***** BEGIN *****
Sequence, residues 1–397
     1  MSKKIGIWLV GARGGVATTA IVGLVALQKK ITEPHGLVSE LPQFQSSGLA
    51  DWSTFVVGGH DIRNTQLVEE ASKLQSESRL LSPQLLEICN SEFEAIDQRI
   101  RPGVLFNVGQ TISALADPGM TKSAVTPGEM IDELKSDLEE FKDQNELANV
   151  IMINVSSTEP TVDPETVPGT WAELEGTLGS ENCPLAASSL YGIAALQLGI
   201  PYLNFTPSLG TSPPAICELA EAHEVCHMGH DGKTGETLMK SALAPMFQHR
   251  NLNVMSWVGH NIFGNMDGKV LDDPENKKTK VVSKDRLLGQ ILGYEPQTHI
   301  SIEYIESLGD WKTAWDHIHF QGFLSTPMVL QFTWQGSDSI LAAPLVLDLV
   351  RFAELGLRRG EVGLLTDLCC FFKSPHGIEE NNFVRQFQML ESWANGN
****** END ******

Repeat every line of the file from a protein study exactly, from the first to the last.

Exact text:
Sequence, residues 1–397
     1  MSKKIGIWLV GARGGVATTA IVGLVALQKK ITEPHGLVSE LPQFQSSGLA
    51  DWSTFVVGGH DIRNTQLVEE ASKLQSESRL LSPQLLEICN SEFEAIDQRI
   101  RPGVLFNVGQ TISALADPGM TKSAVTPGEM IDELKSDLEE FKDQNELANV
   151  IMINVSSTEP TVDPETVPGT WAELEGTLGS ENCPLAASSL YGIAALQLGI
   201  PYLNFTPSLG TSPPAICELA EAHEVCHMGH DGKTGETLMK SALAPMFQHR
   251  NLNVMSWVGH NIFGNMDGKV LDDPENKKTK VVSKDRLLGQ ILGYEPQTHI
   301  SIEYIESLGD WKTAWDHIHF QGFLSTPMVL QFTWQGSDSI LAAPLVLDLV
   351  RFAELGLRRG EVGLLTDLCC FFKSPHGIEE NNFVRQFQML ESWANGN